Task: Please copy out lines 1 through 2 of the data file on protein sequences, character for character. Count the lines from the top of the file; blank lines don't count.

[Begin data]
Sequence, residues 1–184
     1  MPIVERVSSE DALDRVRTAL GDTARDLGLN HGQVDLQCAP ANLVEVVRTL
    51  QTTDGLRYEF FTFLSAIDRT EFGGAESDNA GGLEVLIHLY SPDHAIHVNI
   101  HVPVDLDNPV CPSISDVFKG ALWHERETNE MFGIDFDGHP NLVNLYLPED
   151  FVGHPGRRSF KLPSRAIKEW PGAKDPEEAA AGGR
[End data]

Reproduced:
Sequence, residues 1–184
     1  MPIVERVSSE DALDRVRTAL GDTARDLGLN HGQVDLQCAP ANLVEVVRTL